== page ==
When you run a business, a drop in Canadian currency value can sound alarming. If you’re in the travel industry, however, you can actually benefit when the Canadian dollar loses value against other currencies — especially the U.S. dollar. Surprisingly, a weak Canadian dollar actually has the potential to boost your income and profits.
Canadian Dollar Valuation and Tourism
When someone decides to travel internationally, they often choose countries where their home currency is strong. Why? They get more for their money.
Imagine that an American lives in Detroit. He has $100 USD to spend on a shopping trip. If he spends the money in Detroit, he can buy $100 worth of goods. If he pops across the border to Windsor, things are a little bit different. If the Canadian/U.S.dollar exchange rate is $1 USD to $1.25 CAD, the person’s $100 USD is now worth $125 CAD — which means that he can buy more in Windsor than he could in Detroit. If you’re running a business near the Canadian/United States border, this means that you have the potential to bring in more customers. What’s more, when they do arrive, they’re ready to spend.
Not located near a border? A lower Canadian dollar value also has benefits for the domestic tourism industry as a whole. In fact, it makes Canada more competitive in comparison to countries with higher-valued currencies. Let’s say a traveller from London is considering a trip to either Banff or Las Vegas. If 1 GBP is worth $2 CAD or $1.5 USD, Canada automatically becomes more attractive — after all, 1,000 GBP would buy $2000 CAD, as opposed to just $1500 USD. That means that the traveller would be able stay in nicer hotels, take more elaborate tours, and visit better restaurants in Canada than in the U.S.
Domestic Canadian Tourism
The value of the Canadian loonie also affects Canadian travellers. When the value is down, Canadians have less motivation to visit countries with higher-valued currencies — after all, their money doesn’t go as far there. According to Statistics Canada, the number of Canadians leaving the country tends to parallel the performance of the Canadian dollar. When it dips, fewer people travel internationally. Instead, they’re more likely to travel within the country.
What does that mean for your business? When the Canadian dollar is low, it creates an opportunity for you to bring in more domestic business. You can do so by amping up your regional promotions to remind Canadians of the beautiful destinations in their home country. If you run a business in Banff, for example, you might take out ads in local Vancouver or Toronto magazines.
Marketing to International Tourists
As long as the Canadian dollar is low in relation to other major world currencies, your tourism-related business is likely to see a boost. According to the Tourism Industry Association of Canada (TIAC), marketing is a crucial way that you can capitalize on the currency devaluation.
The American market is a natural place to start. The United States is close by, making it easy for Americans to reach your business in Canada. What’s more, Americans can travel to Canada without a visa for up to 180 days. That, plus the strength of the U.S. dollar, gives American travellers good reason to head north. So, whether you run a bed and breakfast in Prince Edward Island or a helicopter tour company in Niagara Falls, it’s probably worthwhile to advertise to U.S. audiences.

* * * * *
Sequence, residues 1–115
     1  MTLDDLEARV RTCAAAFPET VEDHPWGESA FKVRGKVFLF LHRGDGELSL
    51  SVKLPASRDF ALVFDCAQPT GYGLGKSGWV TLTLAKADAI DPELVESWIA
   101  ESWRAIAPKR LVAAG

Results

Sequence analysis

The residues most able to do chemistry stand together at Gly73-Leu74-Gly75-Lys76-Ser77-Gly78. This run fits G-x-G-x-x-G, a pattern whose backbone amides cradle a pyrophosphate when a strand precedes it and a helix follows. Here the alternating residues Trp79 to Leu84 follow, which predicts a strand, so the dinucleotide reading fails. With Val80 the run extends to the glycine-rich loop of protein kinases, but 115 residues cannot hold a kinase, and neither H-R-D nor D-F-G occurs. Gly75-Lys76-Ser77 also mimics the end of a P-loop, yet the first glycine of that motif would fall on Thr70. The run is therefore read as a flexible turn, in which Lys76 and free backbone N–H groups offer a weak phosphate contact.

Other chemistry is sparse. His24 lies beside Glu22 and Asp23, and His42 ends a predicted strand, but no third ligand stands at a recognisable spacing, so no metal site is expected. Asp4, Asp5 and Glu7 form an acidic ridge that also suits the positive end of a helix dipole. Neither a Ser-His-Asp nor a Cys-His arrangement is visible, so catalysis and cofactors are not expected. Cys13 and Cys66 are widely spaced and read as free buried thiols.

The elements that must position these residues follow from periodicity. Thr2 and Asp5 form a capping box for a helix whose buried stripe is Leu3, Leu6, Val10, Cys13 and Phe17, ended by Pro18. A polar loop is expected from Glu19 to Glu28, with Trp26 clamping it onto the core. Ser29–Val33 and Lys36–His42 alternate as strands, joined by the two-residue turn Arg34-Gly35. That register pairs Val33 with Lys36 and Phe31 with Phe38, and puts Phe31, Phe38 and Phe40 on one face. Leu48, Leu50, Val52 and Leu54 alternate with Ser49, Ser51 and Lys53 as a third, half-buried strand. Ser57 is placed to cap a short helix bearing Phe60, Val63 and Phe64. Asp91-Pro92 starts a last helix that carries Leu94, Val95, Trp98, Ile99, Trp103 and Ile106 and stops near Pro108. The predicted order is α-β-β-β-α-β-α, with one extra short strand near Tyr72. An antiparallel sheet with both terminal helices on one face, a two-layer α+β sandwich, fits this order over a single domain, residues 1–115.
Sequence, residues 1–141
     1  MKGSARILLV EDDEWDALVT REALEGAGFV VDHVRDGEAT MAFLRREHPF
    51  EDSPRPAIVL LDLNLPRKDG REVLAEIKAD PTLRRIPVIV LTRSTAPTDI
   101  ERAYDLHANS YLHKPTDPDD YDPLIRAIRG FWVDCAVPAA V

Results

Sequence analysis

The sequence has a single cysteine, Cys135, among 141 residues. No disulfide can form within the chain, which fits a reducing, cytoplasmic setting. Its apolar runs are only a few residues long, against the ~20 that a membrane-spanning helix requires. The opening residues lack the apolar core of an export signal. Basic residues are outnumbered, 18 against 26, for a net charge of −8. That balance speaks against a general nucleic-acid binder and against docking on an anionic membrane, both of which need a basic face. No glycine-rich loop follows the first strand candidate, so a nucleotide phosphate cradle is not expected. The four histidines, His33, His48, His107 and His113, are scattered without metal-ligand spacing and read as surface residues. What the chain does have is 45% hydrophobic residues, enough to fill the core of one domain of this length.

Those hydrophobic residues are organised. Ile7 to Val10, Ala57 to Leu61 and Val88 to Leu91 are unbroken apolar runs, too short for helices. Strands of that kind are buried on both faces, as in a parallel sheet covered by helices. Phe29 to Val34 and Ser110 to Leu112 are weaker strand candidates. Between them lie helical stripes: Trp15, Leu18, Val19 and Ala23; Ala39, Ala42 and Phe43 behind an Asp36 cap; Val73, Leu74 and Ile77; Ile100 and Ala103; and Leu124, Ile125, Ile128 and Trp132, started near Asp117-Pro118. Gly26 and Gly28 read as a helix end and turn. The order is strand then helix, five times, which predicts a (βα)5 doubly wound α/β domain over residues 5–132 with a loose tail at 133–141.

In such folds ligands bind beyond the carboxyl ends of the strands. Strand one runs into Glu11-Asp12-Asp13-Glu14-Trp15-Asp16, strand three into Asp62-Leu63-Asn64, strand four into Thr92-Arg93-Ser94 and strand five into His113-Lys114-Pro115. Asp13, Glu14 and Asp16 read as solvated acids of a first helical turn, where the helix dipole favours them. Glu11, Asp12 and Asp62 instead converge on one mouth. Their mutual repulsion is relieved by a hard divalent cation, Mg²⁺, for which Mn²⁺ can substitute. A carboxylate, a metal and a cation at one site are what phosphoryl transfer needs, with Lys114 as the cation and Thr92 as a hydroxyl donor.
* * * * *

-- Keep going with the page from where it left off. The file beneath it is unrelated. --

If you’re on a tight budget, you can start with social media. Facebook ads are one great option. With the platform’s highly specific targeting, you can show your ads only to American users who have expressed an interest in Canadian travel. Need a free option? You might try creating a presence for your business where travellers go to research destinations, such as Instagram and Pinterest.
Have you ever considered working with social media influencers to reach potential international customers? Consider following the lead of the Four Seasons hotel in Whistler, which hosted popular bloggers Amber Fillerup Clark and Rachel Parcell for a 2018 trip. In return for the trip, the women posted about their experience on their Instagram accounts and blogs, promoting Canadian vacations to their followers. As a small business, you might not have the budget of the Four Seasons, but you can use the same strategy on a smaller scale. To start, find popular Canadian bloggers and Instagrammers in your area. You can also follow travel influencers to find when they’re coming to your area. Then, you can reach out and offer a free product or experience in exchange for a review or an Instagram post.
Once you’ve built awareness among U.S. travellers, it’s time to market your company to a wider international audience. If you own a business in Vancouver, which is popular with tourists from China, you might take out ads in Chinese publications. Travel agencies can also be a valuable resource — you can try sending your brochures and marketing materials to Chinese travel agencies to make them aware of your services. That way, if the company is running a tour through your area, they’re aware of your business. This can give you an advantage over competitors in your area.
As long as the Canadian dollar stays in a period of devaluation, it creates exciting opportunities for your tourism business. By taking advantage of the exchange rate, you can bring in more customers and improve your bottom line. To keep track of your finances while you step up your marketing efforts, it’s a good idea to track your finances and run regular financial reports. Using an accounting system, such as QuickBooks Online, you can generate a Profit and Loss statement automatically. Learn how today.